So there is a long way to go here. Right now Shelton looks like a player that the Redskins could use and he seems to be in the mix for the No. 5 pick. Should they trade back a few spots to a position later in the top 10, he would seem to be even a more attractive possibility. But we don’t know what is going on in McCloughan’s head and we probably won’t until they turn in the card on April 30.

Timeline

—It’s been 29 days since the Redskins played a game. It will be about 230 days until they play another one.

Days until: NFL Combine 24; NFL free agency starts 43; 2015 NFL Draft 94

If you have any questions about what's going on at Redskins Park, hit me up in the comments. And I'm always on Twitter @Rich_TandlerCSN.

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With one catch, Josh Doctson proved just how dangerous he can be for the Redskins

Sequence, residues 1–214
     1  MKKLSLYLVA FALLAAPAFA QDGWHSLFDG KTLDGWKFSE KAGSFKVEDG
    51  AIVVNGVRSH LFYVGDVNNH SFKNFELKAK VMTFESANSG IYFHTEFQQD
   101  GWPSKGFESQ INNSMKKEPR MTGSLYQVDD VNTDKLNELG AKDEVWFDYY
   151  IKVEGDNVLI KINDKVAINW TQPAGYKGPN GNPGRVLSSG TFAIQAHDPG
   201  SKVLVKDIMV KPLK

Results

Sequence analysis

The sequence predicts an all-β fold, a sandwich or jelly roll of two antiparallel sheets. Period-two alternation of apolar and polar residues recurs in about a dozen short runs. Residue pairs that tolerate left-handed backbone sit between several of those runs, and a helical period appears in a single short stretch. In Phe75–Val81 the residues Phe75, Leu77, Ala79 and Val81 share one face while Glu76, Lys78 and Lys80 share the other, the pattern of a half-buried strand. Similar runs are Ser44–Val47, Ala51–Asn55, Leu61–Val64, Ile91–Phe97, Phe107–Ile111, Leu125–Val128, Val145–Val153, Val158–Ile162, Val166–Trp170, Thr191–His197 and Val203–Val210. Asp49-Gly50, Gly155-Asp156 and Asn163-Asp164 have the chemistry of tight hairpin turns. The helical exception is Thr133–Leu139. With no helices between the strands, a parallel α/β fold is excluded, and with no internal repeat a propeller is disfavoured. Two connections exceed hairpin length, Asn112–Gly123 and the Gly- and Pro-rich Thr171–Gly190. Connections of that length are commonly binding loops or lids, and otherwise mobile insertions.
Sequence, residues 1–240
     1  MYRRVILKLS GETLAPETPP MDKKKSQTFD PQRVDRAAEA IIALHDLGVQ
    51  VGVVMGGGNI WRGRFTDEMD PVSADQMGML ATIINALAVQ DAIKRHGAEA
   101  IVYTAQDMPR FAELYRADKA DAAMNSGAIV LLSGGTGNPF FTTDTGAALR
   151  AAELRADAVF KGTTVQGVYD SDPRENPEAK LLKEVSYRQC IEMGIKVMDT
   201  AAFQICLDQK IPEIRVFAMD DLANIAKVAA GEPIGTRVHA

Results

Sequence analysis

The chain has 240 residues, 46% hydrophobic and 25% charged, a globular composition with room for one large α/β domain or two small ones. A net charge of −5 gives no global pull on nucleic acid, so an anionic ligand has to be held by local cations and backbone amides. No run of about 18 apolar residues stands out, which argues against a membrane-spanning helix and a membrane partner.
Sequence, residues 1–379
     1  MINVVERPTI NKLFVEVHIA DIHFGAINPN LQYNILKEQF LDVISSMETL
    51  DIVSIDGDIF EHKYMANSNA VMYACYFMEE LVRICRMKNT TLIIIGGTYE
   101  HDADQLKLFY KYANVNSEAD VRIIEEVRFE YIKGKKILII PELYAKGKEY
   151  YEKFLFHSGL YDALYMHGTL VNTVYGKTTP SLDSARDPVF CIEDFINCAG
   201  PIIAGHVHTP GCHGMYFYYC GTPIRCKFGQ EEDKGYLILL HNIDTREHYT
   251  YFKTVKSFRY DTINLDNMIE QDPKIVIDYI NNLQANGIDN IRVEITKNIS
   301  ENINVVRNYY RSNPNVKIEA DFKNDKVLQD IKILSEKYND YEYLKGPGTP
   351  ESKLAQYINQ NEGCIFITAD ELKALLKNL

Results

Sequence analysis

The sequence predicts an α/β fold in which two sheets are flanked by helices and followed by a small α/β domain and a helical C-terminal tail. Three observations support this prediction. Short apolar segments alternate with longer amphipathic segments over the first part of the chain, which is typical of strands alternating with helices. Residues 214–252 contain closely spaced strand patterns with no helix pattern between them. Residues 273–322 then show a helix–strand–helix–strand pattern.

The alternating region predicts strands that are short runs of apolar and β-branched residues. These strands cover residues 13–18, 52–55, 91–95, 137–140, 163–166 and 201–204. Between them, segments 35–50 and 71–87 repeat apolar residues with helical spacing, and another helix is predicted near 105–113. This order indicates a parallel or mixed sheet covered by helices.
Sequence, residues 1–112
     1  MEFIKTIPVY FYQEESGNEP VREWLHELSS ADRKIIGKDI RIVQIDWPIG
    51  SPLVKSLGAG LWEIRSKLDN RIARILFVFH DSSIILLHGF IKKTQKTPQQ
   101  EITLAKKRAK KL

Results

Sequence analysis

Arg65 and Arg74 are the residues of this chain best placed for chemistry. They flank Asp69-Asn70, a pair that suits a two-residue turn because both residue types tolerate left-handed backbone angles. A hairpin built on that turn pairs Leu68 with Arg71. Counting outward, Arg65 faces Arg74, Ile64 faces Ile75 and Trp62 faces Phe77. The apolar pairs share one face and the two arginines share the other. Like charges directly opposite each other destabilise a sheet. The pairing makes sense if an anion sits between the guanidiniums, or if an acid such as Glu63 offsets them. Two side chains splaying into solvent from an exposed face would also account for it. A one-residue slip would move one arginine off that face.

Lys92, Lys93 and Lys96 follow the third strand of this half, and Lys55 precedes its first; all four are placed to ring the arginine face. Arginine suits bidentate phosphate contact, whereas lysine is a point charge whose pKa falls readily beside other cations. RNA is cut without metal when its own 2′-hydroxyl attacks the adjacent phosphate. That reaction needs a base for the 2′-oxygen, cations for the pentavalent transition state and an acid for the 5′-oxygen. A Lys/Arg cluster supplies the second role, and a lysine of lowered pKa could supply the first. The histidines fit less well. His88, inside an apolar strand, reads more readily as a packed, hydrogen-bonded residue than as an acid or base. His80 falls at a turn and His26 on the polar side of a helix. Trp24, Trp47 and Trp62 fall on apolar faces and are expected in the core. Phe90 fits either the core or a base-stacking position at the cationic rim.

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USA TODAY Sports

With one catch, Josh Doctson proved just how dangerous he can be for the Redskins

LANDOVER, Md. — It took a while, longer than likely anyone expected, but Josh Doctson's first career touchdown catch may just have been worth the wait.

In the third quarter of the Redskins' 27-10 win over the Raiders on Sunday night, Kirk Cousins lofted a deep ball from a bit beyond midfield toward Doctson, who was being boxed out by David Amerson. And as the pass made its descent, Amerson went up to go snag it.

There was just one problem for the corner: Doctson went up and got to it first.

The result? A 52-yard touchdown that made the score 21-0 in favor of the hosts but, far more importantly, opened — quite forcefully, too — everyone's eyes to the sheer talent No. 18 possesses.